BUENOS AIRES IS SO ECLECTIC that everything resembles something else… but not quite. One is constantly reminded of other world capitals when walking around, but at the same time feels its unique vibe from the start. Here is a quick guide to one of the largest metropolis in Latin America and how to move around its key neighborhoods.
Palermo is the largest “barrio” -with 16 square kilometers- and it’s subdivided into smaller areas. Palermo Chico (also referred to as Barrio Parque) is an exclusive residential neighborhood with tree-lined streets, mansions and embassies -close to Avenida Libertador and MALBA museum-. It’s where the Buenos Aires elite lives, including president Mauricio Macri, Argentine TV presenters Marcelo Tinelli and Susana Jimenez. In contrast, Palermo Viejo once had many “casas chorizos”, old two-story constructions, shaped like sausages, where lower income families of immigrants used to live. Unfortunately many of these houses have been demolished in the last few years to make way for ugly concrete high-rise apartment blocks.
Palermo Soho receives its name and style from NY SOHO, a district that has become synonymous with trendy boutiques and clothing stores, coffee bars, bakeries, U.S. style diners and ice cream parlours. Around the cafés of Plaza Armenia and Plaza Serrano, crafts fairs are held on Sundays. Palermo Hollywood is where the night owls and young crowd hang out. As well as its numerous bars you’ll find dozens of nightclubs close to Avenida Juan B. Justo and along Niceto Vega street. The area is also home several advertising agencies, television production companies and also radio and TV stations like America and Canal 5. There are plenty of restaurants offering different cuisine in this area. The combination of Soho and Hollywood (on either side of Juan B. Justo) make a great area for a night out, because many bars and nightclubs concentrate here. You may even find peñas with folk music or a few jazz spots if you know where to look.
Finally, Bosques de Palermo is the largest green area of Buenos Aires with its lakes and is a popular place to hang out at weekends and evenings. You can ride a boat (kind of old and shaky), or use the walking, cycling and roller-blading paths. After dark, close to Palermo Golf Club, prostitutes (nearly all of them are transvestites) can be seen looking for business along the path that goes round the boating lake.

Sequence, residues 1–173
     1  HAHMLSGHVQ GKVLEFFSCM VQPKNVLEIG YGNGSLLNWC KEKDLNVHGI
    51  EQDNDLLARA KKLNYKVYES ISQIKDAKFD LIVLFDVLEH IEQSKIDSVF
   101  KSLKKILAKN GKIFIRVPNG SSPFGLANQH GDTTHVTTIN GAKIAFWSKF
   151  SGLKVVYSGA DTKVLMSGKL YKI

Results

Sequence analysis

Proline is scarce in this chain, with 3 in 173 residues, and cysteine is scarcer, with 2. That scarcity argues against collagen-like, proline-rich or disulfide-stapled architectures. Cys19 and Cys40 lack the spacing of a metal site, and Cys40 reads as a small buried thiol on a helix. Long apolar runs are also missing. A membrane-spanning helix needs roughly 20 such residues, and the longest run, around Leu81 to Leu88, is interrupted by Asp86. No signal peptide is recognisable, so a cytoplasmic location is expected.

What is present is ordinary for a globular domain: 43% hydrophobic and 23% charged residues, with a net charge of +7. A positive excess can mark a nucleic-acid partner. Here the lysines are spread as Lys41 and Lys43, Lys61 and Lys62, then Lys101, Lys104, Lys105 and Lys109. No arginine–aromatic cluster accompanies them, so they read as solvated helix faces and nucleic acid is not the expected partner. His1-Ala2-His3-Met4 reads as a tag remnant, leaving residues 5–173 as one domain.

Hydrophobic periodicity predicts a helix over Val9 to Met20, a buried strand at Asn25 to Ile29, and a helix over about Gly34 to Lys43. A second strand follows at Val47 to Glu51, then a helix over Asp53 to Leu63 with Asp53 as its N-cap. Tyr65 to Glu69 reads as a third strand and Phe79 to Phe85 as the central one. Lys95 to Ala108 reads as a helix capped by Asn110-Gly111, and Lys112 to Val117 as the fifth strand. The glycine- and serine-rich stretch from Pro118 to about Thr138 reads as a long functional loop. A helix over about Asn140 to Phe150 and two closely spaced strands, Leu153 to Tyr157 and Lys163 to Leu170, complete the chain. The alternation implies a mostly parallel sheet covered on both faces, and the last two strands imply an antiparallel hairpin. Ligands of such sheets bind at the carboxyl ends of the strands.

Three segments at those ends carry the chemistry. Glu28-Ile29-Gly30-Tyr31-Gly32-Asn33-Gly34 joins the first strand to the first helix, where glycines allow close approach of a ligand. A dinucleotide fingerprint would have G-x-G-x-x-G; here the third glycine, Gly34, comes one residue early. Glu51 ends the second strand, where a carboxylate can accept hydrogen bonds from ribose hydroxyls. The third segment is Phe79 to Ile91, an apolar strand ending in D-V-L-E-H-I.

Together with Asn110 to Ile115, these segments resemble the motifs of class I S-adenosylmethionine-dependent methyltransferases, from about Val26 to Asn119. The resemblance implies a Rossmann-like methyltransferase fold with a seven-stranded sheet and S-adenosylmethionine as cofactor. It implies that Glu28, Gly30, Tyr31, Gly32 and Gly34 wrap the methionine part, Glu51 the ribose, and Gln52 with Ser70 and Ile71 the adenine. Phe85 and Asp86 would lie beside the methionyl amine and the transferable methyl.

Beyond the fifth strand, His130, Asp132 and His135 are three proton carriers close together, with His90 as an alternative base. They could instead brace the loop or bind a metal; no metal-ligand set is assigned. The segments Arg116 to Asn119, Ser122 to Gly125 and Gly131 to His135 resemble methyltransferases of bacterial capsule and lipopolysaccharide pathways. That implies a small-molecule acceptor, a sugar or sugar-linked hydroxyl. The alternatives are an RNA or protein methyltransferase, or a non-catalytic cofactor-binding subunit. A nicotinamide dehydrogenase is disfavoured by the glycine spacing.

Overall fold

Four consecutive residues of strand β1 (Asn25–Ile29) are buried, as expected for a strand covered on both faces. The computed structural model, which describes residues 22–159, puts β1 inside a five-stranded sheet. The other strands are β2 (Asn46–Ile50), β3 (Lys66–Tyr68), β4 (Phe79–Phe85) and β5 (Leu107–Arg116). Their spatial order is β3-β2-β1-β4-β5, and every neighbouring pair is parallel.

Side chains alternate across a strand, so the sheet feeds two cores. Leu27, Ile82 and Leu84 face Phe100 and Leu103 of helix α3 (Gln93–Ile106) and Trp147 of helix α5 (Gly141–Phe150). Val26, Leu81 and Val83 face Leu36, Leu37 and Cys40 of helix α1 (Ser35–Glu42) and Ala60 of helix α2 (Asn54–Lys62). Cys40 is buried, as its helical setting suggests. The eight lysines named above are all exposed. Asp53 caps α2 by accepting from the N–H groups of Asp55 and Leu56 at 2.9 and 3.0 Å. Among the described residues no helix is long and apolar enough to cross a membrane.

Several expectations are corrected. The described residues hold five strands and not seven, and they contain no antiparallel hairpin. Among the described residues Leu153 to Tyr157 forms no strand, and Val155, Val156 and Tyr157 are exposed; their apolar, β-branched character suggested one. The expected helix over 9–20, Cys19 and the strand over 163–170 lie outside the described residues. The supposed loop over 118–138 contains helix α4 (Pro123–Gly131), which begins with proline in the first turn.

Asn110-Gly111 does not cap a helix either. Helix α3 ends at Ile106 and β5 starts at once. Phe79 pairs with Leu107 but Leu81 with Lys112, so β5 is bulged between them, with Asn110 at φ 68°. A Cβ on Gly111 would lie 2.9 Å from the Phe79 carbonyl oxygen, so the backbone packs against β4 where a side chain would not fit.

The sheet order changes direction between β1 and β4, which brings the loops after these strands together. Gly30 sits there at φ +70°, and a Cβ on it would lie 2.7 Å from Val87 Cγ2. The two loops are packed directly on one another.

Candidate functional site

Palermo in general is a good place to see street art – a number of local stores in Palermo Soho have their shutters painted with colorful designs and there are some large-scale murals as well. Not so fabulous hipsters (locally called ‘hippies with OSDE’) and is where most expats from Europe, North America and Canada live and go out. Thanks to recent migration waves and the more welcoming palate of locals, culinary options are now wider. You can find decent , Mexican, Peruvian, Brazilian or Armenian food and there are one or two Indian and Thai restaurants while there are no shortage of sushi restaurants and new pubs serving artisan beer. There is still a lot of room for improvement in quality of service, cleanliness and legitimacy of the menus (some options are a big chamuyo). In the last few years more organic and vegetarian restaurants have popped up in Palermo but in traditional Argentine restaurants – other than salads – don’t expect to find too many vegetables on the menu. Remember you can always go with empanadas de humita (corn) to avoid eating meat. Other traditional dishes are “guiso de lentejas” an Argentine stew with lentils or “locro” stew with corn and white beans (both normally have meat).
Villa Crespo -marketed by real estate agents as “Palermo Queens”-has become an extension of Palermo on the other side of Avenida Cordoba. It’s well known for its streets with clothing outlets and shoe shops with well-known brands. House prices are rising but rent is still is cheaper than neighboring Palermo and it’s less touristy. Villa Crespo also is well known for its “closed-door” restaurants (puertas cerradas) and with a large Jewish community, you can also find some delis and eateries with Kosher as well as Arabic food. Go there knowing you’ll be part of the wave of porteños and expats looking for the new place to be.